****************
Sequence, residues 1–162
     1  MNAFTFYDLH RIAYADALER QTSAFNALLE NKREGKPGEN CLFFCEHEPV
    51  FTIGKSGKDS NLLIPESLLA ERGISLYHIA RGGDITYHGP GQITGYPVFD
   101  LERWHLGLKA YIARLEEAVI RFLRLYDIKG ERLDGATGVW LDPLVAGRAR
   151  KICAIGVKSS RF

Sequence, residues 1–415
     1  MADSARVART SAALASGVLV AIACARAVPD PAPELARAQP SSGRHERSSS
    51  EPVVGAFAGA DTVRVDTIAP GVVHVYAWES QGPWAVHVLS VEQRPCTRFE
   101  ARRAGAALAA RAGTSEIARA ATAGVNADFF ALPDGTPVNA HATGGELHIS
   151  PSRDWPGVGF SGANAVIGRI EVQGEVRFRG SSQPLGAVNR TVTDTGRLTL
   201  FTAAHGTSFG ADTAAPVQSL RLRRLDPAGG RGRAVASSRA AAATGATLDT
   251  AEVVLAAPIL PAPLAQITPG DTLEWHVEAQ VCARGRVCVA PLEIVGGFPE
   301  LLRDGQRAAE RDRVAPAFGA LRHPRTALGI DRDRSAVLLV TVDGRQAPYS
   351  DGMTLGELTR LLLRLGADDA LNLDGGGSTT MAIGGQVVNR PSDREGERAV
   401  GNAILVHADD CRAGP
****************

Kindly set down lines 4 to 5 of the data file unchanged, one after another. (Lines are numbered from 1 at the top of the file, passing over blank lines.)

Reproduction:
   101  LERWHLGLKA YIARLEEAVI RFLRLYDIKG ERLDGATGVW LDPLVAGRAR
   151  KICAIGVKSS RF